Join us as we continue the Greenberg Distinguished Scholar Program's Social Impact Media Lecture Series.
In this conversation between filmmaker Julie Perini and Phil Busse, Perini will discuss how the twin practices of her personal, autobiographical work and her community-based documentary films inform one other.
While debates in recent years about new media have risen to a fever pitch, they have raised legitimate concerns about use and abuse of current technologies. In response to these concerns and to benefit the communities in which they work, anthropologists of media have focused increasingly on methodologies that combine in-depth ethnography and collaborative media-making production.
At the same time, a new generation of journalists and artists grappling with the expanding dominance of media conglomerates have looked to grassroots, collaborative, and non-profit multimedia projects designed to both benefit communities and inform larger audiences. This convergence of interest between anthropologists, artists, and journalists has come to be called "social impact" or "social justice" media production, in which producers are concerned as much with the capacity of media to impact and change societies as with its capacity to inform. For this Greenberg-sponsored event, Reed anthropologist Charlene Makley collaborates with Phil Busse, Executive Director of Portland's Media Institute for Social Change, to present a series of five public lectures on the politics and ethics of independent media-making in the 21st century. Explore this emerging form of media production at Reed this spring.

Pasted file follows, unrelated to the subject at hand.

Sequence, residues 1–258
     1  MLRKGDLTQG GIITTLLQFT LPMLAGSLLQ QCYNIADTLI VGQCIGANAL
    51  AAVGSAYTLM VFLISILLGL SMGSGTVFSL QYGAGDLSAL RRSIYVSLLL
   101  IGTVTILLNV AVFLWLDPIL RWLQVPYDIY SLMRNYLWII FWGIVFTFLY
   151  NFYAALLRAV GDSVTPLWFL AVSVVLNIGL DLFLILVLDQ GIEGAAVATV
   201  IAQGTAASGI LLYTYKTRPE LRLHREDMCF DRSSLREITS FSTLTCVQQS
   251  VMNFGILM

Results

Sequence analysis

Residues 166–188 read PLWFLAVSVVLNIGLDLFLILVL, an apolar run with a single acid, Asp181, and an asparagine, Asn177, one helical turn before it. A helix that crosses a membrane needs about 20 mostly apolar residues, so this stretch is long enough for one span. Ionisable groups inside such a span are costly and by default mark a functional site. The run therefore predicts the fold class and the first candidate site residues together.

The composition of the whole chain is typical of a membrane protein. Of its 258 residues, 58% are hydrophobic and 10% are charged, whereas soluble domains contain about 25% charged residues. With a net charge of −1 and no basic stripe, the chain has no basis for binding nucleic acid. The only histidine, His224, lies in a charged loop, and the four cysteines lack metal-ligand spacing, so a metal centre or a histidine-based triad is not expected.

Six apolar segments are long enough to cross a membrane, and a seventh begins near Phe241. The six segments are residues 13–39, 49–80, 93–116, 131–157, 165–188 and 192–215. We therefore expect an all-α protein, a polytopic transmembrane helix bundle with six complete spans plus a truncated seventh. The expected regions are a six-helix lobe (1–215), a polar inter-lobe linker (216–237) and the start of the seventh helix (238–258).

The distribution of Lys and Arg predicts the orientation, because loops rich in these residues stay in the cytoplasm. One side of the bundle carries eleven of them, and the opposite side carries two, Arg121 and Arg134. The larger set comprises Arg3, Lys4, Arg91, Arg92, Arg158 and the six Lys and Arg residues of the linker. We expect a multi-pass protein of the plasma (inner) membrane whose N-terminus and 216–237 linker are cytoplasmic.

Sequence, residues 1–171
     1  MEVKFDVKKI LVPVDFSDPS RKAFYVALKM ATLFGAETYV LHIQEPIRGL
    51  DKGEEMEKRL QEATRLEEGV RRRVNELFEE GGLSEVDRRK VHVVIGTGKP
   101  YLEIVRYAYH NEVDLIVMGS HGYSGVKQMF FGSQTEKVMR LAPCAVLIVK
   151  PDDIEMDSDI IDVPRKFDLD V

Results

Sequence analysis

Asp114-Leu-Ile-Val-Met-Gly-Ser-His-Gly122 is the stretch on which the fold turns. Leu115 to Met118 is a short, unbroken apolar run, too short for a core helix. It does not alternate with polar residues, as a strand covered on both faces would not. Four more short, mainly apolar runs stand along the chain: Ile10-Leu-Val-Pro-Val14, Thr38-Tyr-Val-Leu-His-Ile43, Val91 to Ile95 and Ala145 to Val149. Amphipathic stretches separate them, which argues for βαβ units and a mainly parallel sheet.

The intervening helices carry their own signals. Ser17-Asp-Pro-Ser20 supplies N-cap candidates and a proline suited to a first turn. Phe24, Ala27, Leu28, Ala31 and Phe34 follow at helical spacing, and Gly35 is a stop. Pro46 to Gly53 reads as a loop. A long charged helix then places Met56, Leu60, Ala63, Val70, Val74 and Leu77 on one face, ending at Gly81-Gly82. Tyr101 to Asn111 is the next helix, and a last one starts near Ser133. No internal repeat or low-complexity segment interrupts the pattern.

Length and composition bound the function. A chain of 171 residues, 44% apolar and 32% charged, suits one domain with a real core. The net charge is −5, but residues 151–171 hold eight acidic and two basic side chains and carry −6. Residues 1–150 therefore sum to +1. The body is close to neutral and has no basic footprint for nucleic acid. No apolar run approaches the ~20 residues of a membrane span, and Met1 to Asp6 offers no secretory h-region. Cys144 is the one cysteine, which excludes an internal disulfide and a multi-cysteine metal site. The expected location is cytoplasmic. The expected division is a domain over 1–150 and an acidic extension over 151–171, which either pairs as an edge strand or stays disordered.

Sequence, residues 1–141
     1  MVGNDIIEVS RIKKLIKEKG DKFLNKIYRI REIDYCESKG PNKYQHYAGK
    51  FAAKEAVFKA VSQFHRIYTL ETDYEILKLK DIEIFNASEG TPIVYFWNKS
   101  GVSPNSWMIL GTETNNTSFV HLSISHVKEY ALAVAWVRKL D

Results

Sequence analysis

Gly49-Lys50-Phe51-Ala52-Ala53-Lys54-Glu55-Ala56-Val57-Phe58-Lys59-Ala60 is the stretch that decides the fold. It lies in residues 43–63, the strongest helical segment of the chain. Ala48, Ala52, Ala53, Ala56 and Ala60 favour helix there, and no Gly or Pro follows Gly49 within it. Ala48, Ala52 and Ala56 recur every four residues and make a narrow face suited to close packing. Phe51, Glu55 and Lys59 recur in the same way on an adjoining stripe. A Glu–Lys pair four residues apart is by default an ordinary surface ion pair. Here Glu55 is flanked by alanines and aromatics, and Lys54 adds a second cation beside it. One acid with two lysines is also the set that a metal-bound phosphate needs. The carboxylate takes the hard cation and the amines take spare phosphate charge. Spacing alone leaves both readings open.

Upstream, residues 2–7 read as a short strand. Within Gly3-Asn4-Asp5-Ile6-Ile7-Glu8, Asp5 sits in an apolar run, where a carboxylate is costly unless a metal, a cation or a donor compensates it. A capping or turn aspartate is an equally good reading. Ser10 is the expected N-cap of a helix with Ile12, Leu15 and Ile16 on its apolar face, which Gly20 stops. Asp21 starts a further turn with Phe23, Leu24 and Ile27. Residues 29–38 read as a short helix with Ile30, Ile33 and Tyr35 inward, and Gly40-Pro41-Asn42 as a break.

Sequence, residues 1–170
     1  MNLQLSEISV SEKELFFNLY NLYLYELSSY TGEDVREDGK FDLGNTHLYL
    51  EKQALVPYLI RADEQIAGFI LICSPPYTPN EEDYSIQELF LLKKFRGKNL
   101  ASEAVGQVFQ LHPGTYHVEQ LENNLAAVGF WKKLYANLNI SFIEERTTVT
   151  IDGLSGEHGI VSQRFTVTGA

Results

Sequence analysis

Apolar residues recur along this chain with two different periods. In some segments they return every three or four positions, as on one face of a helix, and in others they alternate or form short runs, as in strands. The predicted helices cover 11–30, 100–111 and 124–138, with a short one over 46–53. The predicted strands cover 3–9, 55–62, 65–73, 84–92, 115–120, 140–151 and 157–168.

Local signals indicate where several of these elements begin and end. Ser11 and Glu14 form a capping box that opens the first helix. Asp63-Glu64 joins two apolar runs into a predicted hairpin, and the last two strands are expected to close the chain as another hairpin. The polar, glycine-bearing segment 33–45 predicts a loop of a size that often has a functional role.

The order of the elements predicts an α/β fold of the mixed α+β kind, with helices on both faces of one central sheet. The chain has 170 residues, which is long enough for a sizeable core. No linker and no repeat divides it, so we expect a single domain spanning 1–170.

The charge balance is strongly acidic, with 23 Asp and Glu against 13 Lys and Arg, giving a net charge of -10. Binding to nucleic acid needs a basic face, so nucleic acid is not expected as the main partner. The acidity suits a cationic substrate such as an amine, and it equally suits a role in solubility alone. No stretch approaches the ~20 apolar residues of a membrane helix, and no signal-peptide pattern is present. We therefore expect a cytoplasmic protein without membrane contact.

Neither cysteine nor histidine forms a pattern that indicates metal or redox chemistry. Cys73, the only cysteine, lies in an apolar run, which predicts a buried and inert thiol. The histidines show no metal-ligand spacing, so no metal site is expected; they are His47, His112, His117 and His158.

Julie Perini makes experimental and documentary videos/films, installations, and events. Preoccupied with daily life, her short-form personal works are autobiographical, self-reflective, and expressive. Her documentary feature films are produced within and alongside contemporary social movements. She holds an MFA from the Department of Media Study at the University at Buffalo and a BS from Cornell University. She is an Associate Professor in the School of Art + Design at Portland State University and a backcountry guide for the arts/environmental organization, Signal Fire.
Established on the occasion of Reed's centennial with a gift from Dan Greenberg '62 and his wife and philanthropic partner Susan Steinhauser, the Greenberg Distinguished Scholar Program aims to bring visiting scholars to campus to support the work of students and provide faculty with the opportunity for in-depth intellectual exchange with a prominent member in their field.
Free and open to the public.
Thursday, February 22 at 6:30pm to 8:00pm
3203 Southeast Woodstock Boulevard, Portland, Oregon 97202-8199